I find remote controls fascinating. Some people are riveted by war or beauty or elderporn, but I like remote controls. I grew up in the painfully analog era of direct contact with all my peripherals and home entertainment infrastructure, so when the first remote control landed on my family’s coffee table, I didn’t just use it – I investigated the damn thing. Does it work from behind a magazine? No. Behind the couch? No. From the dining room? No. From the hallway? Yes, if you reach out and poke the business end of the remote into the living room.
I went so far as to visit the bookmobile and look for books on electronics and the principles of remote control technology. The mechanism turned out to be remarkably simple: binary pulses of infrared light, alternating between short and long bursts, like Morse Code for your tv. The design was also simple, if not as fascinating - I recall from childhood that remotes came in two flavours: a square or a bar. The square sat on a coffee table and presented all its options in a neat grid. It seemed to fit with big fancy television sets, the kind that went with a certain level of respectability. The bar was designed to be picked up and pointed at the receiver. There was an element of casual imperiousness in the gesture, as if you had the power to command the invisible end of the spectrum to turn up the volume. You could also manipulate it with one hand, which left the other free to pick out the pretzel rods in the bowl of Bits 'n' Bites. So naturally the bar became the default design for the remote control.
Last month I bought a Playstation 3, which, in addition to allowing you to destroy your enemies on your television screen, also lets you listen to music, watch video files, chat with others (my PS3 network handle is 'Porkchawp', in case you're interested) and generally satisfies all your home entertainment needs. I picked up the Bluetooth remote, mostly because I figured Schmutzie didn't want to flip through playlists with a game controller. All changed, changed utterly: a terrible convenience was born.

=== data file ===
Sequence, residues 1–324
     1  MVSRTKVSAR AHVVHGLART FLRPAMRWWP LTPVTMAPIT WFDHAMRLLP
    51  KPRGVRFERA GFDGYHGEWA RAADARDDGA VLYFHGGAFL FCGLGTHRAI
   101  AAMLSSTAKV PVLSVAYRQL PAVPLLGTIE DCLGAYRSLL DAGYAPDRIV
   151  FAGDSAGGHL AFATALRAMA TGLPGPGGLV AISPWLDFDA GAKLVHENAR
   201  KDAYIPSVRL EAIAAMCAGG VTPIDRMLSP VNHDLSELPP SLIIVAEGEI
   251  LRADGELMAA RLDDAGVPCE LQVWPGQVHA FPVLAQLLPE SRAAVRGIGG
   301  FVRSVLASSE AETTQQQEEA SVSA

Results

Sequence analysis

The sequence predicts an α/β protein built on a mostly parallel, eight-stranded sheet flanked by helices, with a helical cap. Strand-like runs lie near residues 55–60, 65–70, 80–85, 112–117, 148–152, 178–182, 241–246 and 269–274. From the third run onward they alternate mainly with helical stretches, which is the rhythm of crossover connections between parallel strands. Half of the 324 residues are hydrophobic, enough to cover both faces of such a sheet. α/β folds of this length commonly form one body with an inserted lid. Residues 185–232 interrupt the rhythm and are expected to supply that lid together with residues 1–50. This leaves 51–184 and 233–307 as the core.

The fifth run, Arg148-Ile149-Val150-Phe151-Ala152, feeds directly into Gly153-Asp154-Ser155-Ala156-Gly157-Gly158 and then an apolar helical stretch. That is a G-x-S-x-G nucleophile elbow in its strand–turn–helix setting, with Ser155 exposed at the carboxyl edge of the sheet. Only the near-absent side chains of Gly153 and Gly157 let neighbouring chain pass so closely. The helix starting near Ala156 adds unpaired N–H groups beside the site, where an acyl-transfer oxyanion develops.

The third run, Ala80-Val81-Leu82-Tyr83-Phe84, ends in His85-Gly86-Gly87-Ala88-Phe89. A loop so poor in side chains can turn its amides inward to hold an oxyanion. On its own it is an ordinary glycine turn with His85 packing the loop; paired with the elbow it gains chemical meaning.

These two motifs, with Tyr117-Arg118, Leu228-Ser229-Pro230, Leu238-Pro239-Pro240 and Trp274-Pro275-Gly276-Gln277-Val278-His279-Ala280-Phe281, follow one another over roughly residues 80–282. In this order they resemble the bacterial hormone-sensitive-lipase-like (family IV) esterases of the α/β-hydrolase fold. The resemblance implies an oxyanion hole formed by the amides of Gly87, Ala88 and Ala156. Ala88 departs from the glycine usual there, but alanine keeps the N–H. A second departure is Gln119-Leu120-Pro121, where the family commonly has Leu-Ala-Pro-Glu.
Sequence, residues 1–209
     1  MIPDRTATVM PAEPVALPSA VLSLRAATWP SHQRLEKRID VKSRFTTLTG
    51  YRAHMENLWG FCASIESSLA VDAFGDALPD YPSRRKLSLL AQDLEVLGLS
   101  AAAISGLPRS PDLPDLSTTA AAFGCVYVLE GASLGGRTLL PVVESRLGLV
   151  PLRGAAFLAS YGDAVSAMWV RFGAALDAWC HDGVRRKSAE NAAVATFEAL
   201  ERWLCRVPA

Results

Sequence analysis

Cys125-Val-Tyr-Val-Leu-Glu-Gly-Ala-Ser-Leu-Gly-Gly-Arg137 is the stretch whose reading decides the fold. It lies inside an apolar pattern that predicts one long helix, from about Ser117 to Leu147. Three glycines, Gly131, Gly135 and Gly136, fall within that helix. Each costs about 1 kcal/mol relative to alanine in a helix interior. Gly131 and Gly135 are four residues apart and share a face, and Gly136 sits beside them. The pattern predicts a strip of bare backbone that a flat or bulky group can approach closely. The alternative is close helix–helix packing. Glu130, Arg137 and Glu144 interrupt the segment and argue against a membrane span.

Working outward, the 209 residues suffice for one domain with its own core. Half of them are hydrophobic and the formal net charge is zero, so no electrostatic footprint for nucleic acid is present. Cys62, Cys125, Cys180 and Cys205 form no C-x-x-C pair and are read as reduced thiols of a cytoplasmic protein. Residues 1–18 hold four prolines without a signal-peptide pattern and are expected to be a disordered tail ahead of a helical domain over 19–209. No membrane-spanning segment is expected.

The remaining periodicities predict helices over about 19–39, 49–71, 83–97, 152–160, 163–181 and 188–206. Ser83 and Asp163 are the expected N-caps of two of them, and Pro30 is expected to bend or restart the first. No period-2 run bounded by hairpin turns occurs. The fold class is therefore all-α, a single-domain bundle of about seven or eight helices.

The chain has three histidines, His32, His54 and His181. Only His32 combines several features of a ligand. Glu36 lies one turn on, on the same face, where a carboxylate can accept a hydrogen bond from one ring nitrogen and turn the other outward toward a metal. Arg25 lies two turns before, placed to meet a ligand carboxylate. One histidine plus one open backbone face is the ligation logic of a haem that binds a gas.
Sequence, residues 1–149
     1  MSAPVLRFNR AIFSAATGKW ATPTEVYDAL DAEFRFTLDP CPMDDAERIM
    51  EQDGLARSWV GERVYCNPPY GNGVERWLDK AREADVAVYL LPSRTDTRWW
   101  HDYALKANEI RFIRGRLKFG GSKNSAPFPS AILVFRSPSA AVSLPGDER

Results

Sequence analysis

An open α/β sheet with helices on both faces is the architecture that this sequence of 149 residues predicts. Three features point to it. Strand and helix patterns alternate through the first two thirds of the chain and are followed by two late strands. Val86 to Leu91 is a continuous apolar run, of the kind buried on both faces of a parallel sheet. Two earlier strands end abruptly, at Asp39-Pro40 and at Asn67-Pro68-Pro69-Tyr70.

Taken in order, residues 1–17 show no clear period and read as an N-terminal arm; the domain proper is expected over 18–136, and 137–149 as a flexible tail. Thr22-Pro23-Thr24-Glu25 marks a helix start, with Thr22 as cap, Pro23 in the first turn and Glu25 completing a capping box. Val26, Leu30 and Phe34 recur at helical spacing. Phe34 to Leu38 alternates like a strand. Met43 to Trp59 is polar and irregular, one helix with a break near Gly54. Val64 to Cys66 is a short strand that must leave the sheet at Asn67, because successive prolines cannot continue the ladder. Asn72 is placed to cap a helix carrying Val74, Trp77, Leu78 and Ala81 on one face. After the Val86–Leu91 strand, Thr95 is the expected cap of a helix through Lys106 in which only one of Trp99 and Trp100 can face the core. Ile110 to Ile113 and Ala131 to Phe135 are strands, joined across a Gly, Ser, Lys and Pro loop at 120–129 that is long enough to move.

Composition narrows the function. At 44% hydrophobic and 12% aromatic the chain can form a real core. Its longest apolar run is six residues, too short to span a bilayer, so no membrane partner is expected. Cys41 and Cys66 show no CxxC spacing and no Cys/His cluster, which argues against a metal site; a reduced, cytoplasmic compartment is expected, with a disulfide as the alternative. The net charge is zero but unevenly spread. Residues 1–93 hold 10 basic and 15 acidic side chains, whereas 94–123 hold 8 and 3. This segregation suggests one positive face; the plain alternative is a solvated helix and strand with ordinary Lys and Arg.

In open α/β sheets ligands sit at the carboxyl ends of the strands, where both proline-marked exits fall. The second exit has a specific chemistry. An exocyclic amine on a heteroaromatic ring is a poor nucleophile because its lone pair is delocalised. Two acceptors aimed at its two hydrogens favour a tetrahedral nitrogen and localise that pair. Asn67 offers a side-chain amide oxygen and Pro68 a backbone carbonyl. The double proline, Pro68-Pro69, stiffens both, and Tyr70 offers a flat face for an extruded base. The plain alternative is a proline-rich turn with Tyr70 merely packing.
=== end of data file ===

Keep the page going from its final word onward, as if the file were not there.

The Bluetooth remote looks like a standard remote controller - a bar shape, a grid of buttons, a battery compartment. But it's nothing like the standard remote that needs to "see" a receiver. Instead, it will function anywhere within a certain range. In theory, this means that I can play Grand Theft Auto IV on the toilet, but in practice it means that I don't even need to pick up the device and point it at the machine to make it work. Until now I never knew how much effort was required in the operation of a remote control. All that lifting and pointing. All that unconscious arrangement of the body just to make it possible to click away from CSI Miami to The Hills during commercial breaks. This thing is the apotheosis of laziness.
I'm more curious about the design of the PS3 remote. If you don't need to pick it up or point the business end in the right direction, why does it have the distinctive bar shape? It could be shaped like a sphere, or a xylophone (and wouldn't that be awesome?). Better yet, Sony should have designed it as a little sculpture of a fat man on a couch with a bag of pork rinds upended over his face. At least then you'd know what you were getting into.
Oh yes, and while I was thinking and writing about remote controls, the world economy got half-nelsoned, and David Foster Wallace, in one of his signature bursts of prescience, killed himself. When the apocalypse comes I'll be on hand with a penetrating analysis of false mustaches.